City of Glen Cove, New York

Examples of a build-out of a site under two different densities and zoning districts from the same viewpoint.

“There will be no more squinting and straining and imagining. Everyone will be able to see the same thing at the same time.” (Mayor Ralph Suozzi, Newsday 31 January 2010)

In December 2009, the City of Glen Cove amended its Municipal Code/Zoning Regulations to require the use of verifiable visual simulations (e.g., verifiable photomontages to photorealistic immersive 3D models of proposed actions) in its land-use review and public decision-making process. The Code amendments, among the first in the country, are based on the Environmental Simulation Center’s report, Using Visual Simulation in the Planning, Review and Permitting Process. The report provided the City with a roadmap as to when, where and how verifiable visual simulation could be used to inform, enhance, and support the decision-making process.


It focused on the procedural steps in the City’s discretionary zoning (e.g., plat and site plan review) and historic preservation reviews and recommends ways that visual simulation tools can be integrated into the public review process to offer officials, citizens, and the applicant clear choices, and help them make informed decisions.

Three primary areas were identified in which visual simulation, such as virtual reality 3D environments, would be appropriate.

  • The design phase, including both informal and formal meetings with the Planning Board;
  • Public review and hearings by the Planning Board and City Council; and

Specifically, the report addressed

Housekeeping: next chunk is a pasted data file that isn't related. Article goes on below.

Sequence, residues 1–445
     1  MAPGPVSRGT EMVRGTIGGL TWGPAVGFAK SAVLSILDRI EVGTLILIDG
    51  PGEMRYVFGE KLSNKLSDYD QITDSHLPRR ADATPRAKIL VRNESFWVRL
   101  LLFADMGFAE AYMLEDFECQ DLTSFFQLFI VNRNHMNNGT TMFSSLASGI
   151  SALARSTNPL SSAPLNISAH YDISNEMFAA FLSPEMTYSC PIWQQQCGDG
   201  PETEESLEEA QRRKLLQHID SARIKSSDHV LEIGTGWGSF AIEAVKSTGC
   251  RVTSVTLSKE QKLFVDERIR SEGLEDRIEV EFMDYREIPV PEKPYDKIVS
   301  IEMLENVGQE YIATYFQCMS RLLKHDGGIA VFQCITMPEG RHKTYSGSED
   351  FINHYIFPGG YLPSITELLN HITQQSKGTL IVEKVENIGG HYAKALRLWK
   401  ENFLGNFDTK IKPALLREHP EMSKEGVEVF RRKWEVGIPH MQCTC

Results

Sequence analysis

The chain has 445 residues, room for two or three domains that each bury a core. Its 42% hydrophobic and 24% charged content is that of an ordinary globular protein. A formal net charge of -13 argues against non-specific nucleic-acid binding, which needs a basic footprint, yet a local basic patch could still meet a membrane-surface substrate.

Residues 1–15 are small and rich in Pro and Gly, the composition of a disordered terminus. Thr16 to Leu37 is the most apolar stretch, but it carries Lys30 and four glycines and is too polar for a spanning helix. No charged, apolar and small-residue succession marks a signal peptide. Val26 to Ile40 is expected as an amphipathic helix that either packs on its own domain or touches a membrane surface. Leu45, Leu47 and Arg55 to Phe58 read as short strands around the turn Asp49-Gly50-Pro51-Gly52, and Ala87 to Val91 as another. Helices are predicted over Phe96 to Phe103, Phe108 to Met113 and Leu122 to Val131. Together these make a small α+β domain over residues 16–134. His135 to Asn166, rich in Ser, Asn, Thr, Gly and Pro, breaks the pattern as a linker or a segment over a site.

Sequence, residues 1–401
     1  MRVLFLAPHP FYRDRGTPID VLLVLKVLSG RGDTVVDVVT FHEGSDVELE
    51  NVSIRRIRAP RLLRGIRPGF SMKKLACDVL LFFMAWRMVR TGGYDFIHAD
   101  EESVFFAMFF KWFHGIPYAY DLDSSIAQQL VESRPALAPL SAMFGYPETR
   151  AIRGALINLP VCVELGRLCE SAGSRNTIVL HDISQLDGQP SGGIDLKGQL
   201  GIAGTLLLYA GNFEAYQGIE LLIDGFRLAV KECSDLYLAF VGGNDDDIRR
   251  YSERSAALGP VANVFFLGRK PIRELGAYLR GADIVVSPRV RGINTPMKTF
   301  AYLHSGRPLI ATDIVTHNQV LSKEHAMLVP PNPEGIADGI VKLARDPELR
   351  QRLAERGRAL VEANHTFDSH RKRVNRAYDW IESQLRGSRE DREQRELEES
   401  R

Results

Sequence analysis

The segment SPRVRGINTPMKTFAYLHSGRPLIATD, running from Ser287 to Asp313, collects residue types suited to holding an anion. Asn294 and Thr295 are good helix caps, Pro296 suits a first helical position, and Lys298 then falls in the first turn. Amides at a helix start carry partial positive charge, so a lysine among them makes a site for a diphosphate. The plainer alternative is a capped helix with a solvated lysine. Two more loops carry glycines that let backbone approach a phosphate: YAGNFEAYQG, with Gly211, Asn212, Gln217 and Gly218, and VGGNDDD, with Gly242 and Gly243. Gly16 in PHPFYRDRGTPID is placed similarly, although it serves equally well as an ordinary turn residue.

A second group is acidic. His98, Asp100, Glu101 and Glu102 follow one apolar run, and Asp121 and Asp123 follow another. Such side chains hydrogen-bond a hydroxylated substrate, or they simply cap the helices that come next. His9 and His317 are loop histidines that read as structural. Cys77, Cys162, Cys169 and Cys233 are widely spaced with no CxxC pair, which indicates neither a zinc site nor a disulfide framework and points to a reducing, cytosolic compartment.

• Communication issues in visualizing and quantifying change to the public and decision-makers;
  • The need for verifiability, accountability, and transparency in the public review and decision-making process;
  • The capacity of current professional practice and the City to employ visual simulation in the design and decision-making process and their costs; and 

The amendment recommends that all pertinent information regarding the project and its context (such as a digital survey, landforms, natural features, trees, wetlands, and existing buildings and structures) be assembled at the beginning of the design and public review process to identify issues and concerns rather than added incrementally as the design review progresses, or at the end in a DEIS. The combination of due diligence, disclosure, and greater transparency, verifiability and accountability through visual simulation has been demonstrated to enhance certainty for both the applicant and the public, reduce exposure to legal actions, expedite the review process, and help create consensus among all involved, leading to better plans and projects and more liveable communities.